(3) Once you have got your domain name and you have your SMTP server up and running any reasonable ISP should check your SMTP server to ensure that it is not an open relay (i.e. allows other people to use your SMTP server to relay email including SPAM) before opening port 25 (SMTP) for incoming traffic to your IP address.
So, although it is 'doable' you will have quite a bit of communication with people in support roles before it is all sorted.
Alternatively (as suggested elsewhere) just get a Gmail address - you can configure Gmail to allow you to pick up your email via POP3 and send your email to the Gmail server via secure SMTP (although I note that I am using my ISPs' SMTP server for my Gmail accounts). Alternatively Gmail supports IMAP4 which again should allow you to send and receive email via the Gmail servers and totally ignore your ISPs' servers.
HTH
Dave R
P.S. you could always load VMWare onto your PC and the pre-configured Ubuntu image, then run your Linux SMTP server within XP. Requires a certain amount of memory and 'grunt' to work well, though.
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A real learning opportunity there ;-)

Which with a budget consumer ISP is going to be challenging if they allow it at all..

I have found Gmail to be reasonable, but not always reliable - e.g. substantial delays in mail arrival sometimes. I wouldn't trust it as my main mail service, or for that matter Yahoo or any of the others of that ilk. A paid mail hosting service like 1&1 seems to be rather better.

Other way up works better.
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On Sat, 12 Apr 2008 02:46:06 -0700 (PDT), snipped-for-privacy@o2.co.uk wrote:

As others have said, get your own domain name and a seperate email provider. I use Heart Internet (http://www.heartinternet.co.uk/index.shtml ) good prices, great support (including telephone) and they provide POP access, a web client (if you're away from home) and their own smtp server for outgoing email. They also do good web hosting packages if your interested. David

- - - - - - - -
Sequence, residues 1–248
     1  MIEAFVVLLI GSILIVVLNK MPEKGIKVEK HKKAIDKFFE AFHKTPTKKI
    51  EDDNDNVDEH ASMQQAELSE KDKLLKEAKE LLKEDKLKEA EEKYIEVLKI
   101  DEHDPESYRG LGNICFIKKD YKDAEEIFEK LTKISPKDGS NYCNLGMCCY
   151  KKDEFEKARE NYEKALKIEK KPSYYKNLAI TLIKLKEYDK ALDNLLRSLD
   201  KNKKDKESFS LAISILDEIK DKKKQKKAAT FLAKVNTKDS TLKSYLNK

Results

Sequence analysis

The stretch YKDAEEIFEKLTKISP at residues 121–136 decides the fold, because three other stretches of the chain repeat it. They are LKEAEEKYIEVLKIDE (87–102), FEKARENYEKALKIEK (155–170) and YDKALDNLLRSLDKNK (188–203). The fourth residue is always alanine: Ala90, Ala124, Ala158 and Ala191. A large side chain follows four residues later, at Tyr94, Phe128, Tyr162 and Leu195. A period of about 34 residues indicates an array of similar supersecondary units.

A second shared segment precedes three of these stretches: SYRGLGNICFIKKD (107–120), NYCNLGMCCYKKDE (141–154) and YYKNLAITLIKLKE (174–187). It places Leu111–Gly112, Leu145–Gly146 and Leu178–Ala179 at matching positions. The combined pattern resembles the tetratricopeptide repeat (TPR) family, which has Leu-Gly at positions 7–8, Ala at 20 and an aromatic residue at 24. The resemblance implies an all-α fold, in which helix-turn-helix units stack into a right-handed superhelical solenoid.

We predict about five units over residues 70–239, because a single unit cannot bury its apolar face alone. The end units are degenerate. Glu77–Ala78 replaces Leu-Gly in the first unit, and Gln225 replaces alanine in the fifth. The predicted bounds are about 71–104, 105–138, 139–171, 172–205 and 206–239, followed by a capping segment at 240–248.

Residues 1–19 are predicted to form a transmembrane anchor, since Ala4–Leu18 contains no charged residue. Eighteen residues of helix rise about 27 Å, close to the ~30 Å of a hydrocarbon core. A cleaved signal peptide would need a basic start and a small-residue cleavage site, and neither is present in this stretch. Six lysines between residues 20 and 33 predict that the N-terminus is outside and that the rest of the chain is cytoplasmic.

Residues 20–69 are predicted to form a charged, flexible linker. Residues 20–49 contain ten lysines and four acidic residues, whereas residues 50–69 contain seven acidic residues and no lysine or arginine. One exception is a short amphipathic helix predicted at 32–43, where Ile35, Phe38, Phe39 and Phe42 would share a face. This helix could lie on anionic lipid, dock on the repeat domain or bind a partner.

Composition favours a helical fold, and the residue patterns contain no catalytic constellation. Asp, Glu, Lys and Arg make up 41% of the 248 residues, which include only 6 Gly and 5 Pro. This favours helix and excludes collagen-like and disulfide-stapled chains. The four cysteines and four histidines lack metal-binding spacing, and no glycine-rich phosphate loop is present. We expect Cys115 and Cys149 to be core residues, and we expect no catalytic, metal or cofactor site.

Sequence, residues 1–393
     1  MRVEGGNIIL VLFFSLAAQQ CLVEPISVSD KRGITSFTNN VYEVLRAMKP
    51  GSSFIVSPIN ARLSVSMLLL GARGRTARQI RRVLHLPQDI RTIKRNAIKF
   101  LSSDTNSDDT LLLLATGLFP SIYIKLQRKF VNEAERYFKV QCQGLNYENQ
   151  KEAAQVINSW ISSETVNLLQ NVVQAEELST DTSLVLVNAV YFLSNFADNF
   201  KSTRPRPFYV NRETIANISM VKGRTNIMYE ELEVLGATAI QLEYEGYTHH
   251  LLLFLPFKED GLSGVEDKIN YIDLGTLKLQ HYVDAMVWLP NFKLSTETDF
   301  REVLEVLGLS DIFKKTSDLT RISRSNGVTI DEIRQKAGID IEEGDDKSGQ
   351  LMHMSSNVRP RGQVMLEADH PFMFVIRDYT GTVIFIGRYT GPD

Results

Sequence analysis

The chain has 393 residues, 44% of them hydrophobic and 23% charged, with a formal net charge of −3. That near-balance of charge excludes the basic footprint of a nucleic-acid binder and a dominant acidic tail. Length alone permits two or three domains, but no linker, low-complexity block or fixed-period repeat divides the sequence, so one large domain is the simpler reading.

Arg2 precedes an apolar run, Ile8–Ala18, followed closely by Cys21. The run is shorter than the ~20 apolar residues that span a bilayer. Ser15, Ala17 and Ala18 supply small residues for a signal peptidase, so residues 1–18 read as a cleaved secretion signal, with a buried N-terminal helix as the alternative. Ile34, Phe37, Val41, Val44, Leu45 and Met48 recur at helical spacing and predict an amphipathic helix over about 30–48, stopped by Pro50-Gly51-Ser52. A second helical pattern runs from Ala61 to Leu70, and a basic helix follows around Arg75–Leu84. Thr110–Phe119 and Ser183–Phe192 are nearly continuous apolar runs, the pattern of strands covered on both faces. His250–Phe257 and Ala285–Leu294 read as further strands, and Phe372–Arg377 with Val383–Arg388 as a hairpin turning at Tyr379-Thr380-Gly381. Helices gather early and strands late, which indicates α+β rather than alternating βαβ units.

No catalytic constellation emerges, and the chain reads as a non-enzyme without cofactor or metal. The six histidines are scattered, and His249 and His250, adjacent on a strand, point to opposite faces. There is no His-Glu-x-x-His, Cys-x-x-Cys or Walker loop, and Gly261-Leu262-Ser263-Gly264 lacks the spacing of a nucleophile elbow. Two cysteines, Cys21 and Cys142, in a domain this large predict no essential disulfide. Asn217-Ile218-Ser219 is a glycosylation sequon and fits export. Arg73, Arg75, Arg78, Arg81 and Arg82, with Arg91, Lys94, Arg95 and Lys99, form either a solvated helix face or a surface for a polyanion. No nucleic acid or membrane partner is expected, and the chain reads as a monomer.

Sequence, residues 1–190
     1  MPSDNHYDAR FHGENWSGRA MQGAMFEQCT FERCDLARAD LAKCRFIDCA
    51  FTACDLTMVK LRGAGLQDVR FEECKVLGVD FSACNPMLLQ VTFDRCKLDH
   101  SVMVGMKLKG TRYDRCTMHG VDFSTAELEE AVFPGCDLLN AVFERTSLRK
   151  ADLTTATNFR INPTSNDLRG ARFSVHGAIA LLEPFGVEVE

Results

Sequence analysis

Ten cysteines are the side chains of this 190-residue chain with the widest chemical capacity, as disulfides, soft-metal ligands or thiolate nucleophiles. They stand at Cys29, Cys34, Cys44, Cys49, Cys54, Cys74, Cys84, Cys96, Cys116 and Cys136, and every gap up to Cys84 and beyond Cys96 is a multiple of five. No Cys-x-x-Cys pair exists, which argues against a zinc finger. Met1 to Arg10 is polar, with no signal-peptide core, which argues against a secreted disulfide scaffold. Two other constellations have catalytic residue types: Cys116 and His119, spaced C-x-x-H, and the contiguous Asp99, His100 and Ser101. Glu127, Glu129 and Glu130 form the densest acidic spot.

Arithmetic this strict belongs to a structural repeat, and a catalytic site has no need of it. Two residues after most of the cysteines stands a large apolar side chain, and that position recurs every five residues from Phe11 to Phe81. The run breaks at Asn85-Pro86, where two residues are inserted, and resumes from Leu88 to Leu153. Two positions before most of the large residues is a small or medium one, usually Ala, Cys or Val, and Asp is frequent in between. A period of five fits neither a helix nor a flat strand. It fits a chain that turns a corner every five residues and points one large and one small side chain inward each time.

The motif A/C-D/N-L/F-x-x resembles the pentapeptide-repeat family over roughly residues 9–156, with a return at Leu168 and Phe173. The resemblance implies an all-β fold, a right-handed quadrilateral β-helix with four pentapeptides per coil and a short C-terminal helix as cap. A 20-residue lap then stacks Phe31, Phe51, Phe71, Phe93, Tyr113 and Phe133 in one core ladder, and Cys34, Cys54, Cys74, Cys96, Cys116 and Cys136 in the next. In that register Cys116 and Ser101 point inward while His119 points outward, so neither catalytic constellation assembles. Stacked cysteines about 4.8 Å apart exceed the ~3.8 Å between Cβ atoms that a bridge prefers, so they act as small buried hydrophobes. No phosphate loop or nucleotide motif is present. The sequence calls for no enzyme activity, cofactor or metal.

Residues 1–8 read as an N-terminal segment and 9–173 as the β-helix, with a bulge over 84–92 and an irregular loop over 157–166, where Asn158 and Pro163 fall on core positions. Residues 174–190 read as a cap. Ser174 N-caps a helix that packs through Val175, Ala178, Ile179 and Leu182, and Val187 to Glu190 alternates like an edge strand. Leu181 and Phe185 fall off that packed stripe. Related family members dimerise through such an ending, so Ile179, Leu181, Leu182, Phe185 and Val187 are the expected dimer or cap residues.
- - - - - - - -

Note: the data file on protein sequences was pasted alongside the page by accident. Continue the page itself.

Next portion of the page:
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snipped-for-privacy@o2.co.uk wrote:

Not really.

Kind of

Again kind of

a doddle

No preferences on XP I use postfix on Linux.
The problem is that many spammers set up SMTP servers and use them to spam, so many organisations are getting clever in their email setup. One check is dialup address pools (normally including DHCP addresses and another is RDNS lookup.
What these mean is that when you send email, your server tries to connect to the receiving server. That server looks at your IP address, and if from a DHCP pool, it rejects the connection. Then when you start talking SMTP you identify yourself. The receiving server looks up the DNS entry for your IP address, and compares it with the name you claim to be. If they don't match, bye.
So, to be successful you need to be in a fixed IP range (or at least not a blacklisted range) and have RDNS lookups correct.
Or you could look at someone like gradwell who will let you set up an account on their SMTP servers.
--
Paul Matthews
snipped-for-privacy@cattytown.me.uk
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if you use your ISP's email package then when you move to another ISP you will lose your email account, and confuse all your contacts, so use googlemail instead www.gmail.com or something else free and independent of yr isp before you're trapped
--

[george]

~



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On 2008-04-13 00:28:51 +0100, "George \(dicegeorge\)"

In principle, having email addresses separate to the ISP is a good idea for portability reasons.
Using Google mail, Yahoo mail, Hotmail, ... is less of a good idea because many mail recipients and other email services have SPAM filters to drop mail from anybody at these domain addresses. Some Ecommerce sites will not accept orders from users using these mail domains.
The correct solution to assure email address portability is to register one's own domain name and to use an email hosting service.
Google etc. email accounts are useful for the different purpose of having disposable email addresses.
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On Sun, 13 Apr 2008 08:52:56 +0100, Andy Hall wrote:

On the subject of portable email addresses - I still have some of my BT Internet/ Talk21 email addresses even though I am currently on another carrier (I knew NTL before she was a Virgin...).
I kept some originally by having a dial in PAYG account which I used once every 6 months; they then did a deal where you pay 1.50 a month to keep your email addresses alive. This was at the time they closed down Talk21 as a competitor to Hotmail. This seems like a good idea; I wonder if other ISPs offer anything similar?
Strangely, I still have a working email account at '123isp' which I used years back because they could bond two ISDN sessions together to get a 128K link, something that BT didn't offer at the time. I quit them when Broadband became available at my local exchange but they never seem to have cancelled my email account. I suspect a lot of small ISPs may be a little flaky on cancelling email and web access when customers migrate.
Still, this is drifting off topic for an OT post.....